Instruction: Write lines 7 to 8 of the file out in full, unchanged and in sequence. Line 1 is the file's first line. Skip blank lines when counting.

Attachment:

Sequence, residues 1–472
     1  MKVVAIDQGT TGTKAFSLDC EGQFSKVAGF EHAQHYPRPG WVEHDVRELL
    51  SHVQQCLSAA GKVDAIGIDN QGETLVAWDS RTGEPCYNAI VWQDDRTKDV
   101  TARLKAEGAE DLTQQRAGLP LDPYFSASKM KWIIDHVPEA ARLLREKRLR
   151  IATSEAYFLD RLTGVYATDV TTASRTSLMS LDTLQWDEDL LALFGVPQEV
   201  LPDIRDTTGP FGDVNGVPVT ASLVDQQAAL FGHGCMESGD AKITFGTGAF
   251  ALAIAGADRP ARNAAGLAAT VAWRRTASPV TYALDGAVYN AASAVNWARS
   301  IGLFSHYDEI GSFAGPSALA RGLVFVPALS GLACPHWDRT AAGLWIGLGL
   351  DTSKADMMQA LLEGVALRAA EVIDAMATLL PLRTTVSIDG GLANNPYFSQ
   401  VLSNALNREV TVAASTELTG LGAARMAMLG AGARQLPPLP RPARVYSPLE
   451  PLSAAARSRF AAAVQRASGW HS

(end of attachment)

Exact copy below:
   251  ALAIAGADRP ARNAAGLAAT VAWRRTASPV TYALDGAVYN AASAVNWARS
   301  IGLFSHYDEI GSFAGPSALA RGLVFVPALS GLACPHWDRT AAGLWIGLGL